Questioning the Lambda Architecture

The Lambda Architecture has its merits, but alternatives are worth exploring.

Nathan Marz wrote a popular blog post describing an idea he called the Lambda Architecture (“How to beat the CAP theorem“). The Lambda Architecture is an approach to building stream processing applications on top of MapReduce and Storm or similar systems. This has proven to be a surprisingly popular idea, with a dedicated website and an upcoming book. Since I’ve been involved in building out the real-time data processing infrastructure at LinkedIn using Kafka and Samza, I often get asked about the Lambda Architecture. I thought I would describe my thoughts and experiences.

What is a Lambda Architecture and how do I become one?

The Lambda Architecture looks something like this:


The way this works is that an immutable sequence of records is captured and fed into a batch system and a stream processing system in parallel. You implement your transformation logic twice, once in the batch system and once in the stream processing system. You stitch together the results from both systems at query time to produce a complete answer.

There are a lot of variations on this, and I’m intentionally simplifying a bit. For example, you can swap in various similar systems for Kafka, Storm, and Hadoop, and people often use two different databases to store the output tables, one optimized for real time and the other optimized for batch updates.

The Lambda Architecture is aimed at applications built around complex asynchronous transformations that need to run with low latency (say, a few seconds to a few hours). A good example would be a news recommendation system that needs to crawl various news sources, process and normalize all the input, and then index, rank, and store it for serving.

I have been involved in building a number of real-time data systems and pipelines at LinkedIn. Some of these worked in this style, and upon reflection, it is not my favorite approach. I thought it would be worthwhile to describe what I see as the pros and cons of this architecture, and also give an alternative I prefer.

What’s good about this?

I like that the Lambda Architecture emphasizes retaining the input data unchanged. I think the discipline of modeling data transformation as a series of materialized stages from an original input has a lot of merit. This is one of the things that makes large MapReduce workflows tractable, as it enables you to debug each stage independently. I think this lesson translates well to the stream processing domain. I’ve written some of my thoughts about capturing and transforming immutable data streams here.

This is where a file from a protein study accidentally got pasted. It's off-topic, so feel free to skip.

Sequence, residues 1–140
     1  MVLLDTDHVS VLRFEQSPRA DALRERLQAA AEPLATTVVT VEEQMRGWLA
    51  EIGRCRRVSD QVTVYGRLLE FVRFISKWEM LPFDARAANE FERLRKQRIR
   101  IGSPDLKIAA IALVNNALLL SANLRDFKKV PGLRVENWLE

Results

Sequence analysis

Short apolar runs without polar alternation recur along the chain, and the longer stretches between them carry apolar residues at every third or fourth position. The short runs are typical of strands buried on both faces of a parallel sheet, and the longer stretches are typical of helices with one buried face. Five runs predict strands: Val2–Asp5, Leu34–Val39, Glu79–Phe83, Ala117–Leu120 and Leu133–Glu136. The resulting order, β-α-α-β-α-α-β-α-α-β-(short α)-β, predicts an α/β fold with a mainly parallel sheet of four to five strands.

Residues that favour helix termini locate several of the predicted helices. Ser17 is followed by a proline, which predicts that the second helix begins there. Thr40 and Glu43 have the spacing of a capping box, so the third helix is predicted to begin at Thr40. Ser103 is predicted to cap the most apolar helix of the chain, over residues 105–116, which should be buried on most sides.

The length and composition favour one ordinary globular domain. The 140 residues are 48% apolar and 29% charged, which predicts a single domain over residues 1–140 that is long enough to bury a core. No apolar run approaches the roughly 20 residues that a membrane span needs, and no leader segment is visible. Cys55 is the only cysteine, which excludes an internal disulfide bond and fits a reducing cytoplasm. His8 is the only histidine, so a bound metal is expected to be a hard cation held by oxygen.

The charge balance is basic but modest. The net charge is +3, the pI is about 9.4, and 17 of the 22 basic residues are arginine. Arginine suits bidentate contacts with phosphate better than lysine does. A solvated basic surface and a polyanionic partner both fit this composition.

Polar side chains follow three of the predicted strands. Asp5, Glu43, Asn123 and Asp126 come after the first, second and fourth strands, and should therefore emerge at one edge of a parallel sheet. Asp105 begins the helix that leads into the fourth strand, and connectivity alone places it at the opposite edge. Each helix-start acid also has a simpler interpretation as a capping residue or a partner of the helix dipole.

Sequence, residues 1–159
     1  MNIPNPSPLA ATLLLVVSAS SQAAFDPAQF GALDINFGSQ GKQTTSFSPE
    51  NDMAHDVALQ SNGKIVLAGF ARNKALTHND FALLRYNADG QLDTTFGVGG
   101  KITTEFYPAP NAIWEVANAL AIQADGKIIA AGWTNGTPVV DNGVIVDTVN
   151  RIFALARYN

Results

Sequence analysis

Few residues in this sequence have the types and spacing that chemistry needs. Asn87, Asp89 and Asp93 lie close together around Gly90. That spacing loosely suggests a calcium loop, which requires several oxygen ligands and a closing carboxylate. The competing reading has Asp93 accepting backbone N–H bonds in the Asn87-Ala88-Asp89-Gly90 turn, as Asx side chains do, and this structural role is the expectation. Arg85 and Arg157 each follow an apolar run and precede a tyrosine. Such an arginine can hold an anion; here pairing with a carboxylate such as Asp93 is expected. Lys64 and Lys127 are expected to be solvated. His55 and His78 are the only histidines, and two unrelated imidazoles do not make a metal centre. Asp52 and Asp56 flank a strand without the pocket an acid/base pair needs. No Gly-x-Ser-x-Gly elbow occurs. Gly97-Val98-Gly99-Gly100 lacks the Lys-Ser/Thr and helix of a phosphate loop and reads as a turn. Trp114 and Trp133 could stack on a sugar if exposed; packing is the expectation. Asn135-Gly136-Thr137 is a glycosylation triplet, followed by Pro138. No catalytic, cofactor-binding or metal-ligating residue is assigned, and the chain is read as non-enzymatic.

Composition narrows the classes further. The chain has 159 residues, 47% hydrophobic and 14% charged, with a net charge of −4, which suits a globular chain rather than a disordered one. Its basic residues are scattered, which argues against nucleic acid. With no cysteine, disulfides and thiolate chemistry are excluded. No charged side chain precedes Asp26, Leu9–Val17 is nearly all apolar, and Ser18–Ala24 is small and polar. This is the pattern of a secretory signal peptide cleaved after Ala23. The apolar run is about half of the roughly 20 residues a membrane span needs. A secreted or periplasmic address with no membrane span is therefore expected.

I also like that this architecture highlights the problem of reprocessing data. Reprocessing is one of the key challenges of stream processing but is very often ignored. By “reprocessing,” I mean processing input data over again to re-derive output. This is a completely obvious but often ignored requirement. Code will always change. So, if you have code that derives output data from an input stream, whenever the code changes, you will need to recompute your output to see the effect of the change.

Why does code change? It might change because your application evolves and you want to compute new output fields that you didn’t previously need. Or it might change because you found a bug and need to fix it. Regardless, when it does, you need to regenerate your output. I have found that many people who attempt to build real-time data processing systems don’t put much thought into this problem and end-up with a system that simply cannot evolve quickly because it has no convenient way to handle reprocessing. The Lambda Architecture deserves a lot of credit for highlighting this problem.